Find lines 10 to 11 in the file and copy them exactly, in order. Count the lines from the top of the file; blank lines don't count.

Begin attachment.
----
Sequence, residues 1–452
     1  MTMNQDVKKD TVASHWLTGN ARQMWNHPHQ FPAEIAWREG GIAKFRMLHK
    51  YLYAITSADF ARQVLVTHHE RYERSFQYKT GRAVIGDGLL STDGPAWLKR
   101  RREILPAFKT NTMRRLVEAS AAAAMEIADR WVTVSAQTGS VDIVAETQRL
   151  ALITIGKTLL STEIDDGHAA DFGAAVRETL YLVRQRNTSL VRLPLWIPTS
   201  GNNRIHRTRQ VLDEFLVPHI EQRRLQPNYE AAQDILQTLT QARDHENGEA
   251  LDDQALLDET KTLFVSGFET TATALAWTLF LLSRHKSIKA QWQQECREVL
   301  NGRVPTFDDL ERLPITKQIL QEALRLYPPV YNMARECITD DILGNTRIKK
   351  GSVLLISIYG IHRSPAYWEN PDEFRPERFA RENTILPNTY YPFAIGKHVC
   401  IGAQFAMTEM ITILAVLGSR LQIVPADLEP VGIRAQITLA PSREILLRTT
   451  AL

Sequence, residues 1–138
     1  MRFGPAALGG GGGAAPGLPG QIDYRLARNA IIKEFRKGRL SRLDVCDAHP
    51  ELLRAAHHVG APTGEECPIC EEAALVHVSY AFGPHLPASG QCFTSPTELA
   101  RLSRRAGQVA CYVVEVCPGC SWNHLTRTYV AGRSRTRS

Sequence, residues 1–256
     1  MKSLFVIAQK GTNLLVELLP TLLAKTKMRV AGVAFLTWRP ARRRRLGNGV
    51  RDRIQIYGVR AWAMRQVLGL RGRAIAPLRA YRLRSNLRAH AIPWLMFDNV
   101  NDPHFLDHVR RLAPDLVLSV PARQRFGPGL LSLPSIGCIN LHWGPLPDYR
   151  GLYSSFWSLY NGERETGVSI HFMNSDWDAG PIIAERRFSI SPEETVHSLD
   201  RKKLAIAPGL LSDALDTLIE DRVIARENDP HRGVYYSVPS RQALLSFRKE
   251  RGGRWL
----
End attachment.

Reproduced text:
   401  IGAQFAMTEM ITILAVLGSR LQIVPADLEP VGIRAQITLA PSREILLRTT
   451  AL